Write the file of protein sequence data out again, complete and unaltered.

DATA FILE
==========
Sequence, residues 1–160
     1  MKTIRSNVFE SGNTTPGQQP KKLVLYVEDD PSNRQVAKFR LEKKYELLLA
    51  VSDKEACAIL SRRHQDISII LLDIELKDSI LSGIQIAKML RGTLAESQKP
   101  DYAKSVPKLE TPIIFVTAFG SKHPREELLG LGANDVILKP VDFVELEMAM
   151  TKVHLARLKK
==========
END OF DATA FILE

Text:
Sequence, residues 1–160
     1  MKTIRSNVFE SGNTTPGQQP KKLVLYVEDD PSNRQVAKFR LEKKYELLLA
    51  VSDKEACAIL SRRHQDISII LLDIELKDSI LSGIQIAKML RGTLAESQKP
   101  DYAKSVPKLE TPIIFVTAFG SKHPREELLG LGANDVILKP VDFVELEMAM
   151  TKVHLARLKK